The criminal justice system in the United States was established on a simple notion: “that it is better that ten guilty persons escape, than that one innocent suffer.” It is for this reason that a prosecutor’s burden at trial is so demanding, requiring proof beyond a reasonable doubt. Yet, while a vast majority of prosecutors are committed to the highest ethical standards, with troubling frequency, some high profile exonerations shed light on systemic problems, most often involving failures by prosecutors and other law enforcement officials to disclose exculpatory and impeachment evidence as required by Brady v. Maryland.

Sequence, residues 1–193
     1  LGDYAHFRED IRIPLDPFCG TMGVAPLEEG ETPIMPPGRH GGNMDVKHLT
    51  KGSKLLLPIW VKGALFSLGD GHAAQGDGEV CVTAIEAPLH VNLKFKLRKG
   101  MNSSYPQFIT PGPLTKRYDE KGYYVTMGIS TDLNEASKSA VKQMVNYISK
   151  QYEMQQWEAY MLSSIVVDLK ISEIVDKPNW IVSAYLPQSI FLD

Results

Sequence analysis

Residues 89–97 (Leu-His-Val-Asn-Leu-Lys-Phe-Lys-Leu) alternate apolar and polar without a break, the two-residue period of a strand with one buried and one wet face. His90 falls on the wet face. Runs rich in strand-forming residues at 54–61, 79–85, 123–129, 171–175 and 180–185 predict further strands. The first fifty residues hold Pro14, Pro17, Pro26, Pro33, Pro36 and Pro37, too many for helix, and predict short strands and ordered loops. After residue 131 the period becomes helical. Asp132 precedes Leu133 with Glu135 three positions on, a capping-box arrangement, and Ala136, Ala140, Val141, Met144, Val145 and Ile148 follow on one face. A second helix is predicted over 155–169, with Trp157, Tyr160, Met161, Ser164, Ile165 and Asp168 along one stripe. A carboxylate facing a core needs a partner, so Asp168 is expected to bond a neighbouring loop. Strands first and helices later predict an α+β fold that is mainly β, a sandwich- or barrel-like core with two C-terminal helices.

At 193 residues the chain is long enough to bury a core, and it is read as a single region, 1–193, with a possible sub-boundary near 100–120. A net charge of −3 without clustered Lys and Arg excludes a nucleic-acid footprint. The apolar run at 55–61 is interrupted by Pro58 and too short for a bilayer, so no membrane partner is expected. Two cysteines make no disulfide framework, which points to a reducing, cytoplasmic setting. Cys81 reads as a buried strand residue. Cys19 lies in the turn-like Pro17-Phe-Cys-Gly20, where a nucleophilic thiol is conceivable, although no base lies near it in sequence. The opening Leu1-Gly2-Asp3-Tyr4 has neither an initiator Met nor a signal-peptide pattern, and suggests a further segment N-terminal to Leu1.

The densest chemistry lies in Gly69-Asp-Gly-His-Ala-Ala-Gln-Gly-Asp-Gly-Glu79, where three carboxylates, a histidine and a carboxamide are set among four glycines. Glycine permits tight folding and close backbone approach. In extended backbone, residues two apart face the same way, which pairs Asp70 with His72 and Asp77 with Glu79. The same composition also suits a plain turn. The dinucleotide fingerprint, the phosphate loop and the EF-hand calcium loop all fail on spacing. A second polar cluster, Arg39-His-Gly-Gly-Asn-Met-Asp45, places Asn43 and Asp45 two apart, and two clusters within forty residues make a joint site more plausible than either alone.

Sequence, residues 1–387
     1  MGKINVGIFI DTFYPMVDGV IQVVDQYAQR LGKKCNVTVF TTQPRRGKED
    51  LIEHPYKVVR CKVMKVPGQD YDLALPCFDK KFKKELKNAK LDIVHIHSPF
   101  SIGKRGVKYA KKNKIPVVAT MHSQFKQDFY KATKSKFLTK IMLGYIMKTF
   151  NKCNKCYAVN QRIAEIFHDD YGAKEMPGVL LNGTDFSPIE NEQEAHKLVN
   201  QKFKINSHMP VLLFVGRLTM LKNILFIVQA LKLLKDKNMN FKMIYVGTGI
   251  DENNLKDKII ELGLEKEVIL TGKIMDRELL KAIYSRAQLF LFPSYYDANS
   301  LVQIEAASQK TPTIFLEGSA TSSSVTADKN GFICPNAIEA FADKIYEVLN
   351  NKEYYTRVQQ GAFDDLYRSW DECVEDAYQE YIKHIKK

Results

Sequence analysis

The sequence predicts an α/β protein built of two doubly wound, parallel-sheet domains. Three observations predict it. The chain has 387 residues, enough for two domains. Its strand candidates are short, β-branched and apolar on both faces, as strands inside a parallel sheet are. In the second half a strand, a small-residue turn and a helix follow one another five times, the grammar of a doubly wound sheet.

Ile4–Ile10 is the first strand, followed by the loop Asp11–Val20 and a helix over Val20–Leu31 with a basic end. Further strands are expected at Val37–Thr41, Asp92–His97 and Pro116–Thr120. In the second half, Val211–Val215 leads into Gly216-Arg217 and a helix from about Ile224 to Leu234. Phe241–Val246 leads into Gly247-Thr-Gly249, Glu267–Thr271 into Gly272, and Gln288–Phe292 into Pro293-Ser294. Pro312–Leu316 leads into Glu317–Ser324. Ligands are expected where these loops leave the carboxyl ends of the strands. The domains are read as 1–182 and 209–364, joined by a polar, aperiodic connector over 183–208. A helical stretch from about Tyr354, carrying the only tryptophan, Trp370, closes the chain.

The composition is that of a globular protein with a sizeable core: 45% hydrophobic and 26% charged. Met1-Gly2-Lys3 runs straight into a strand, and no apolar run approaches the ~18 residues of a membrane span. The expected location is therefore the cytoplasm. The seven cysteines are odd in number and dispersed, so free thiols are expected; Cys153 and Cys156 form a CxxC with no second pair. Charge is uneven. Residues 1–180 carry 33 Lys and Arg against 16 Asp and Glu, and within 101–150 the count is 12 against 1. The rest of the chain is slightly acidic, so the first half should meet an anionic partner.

To address this serious challenge, we held a symposium at Cardozo Law School entitled New Models for Prosecutorial Accountability, with each panel representing a unique perspective within our criminal justice system: bar counsel; state and federal judges; academics; and prosecutors.
Cardozo Law Review de·novo
Shapiro, Russell, "Introduction: New Models for Prosecutorial Accountability" (2016). Cardozo Law Review de•novo. 42.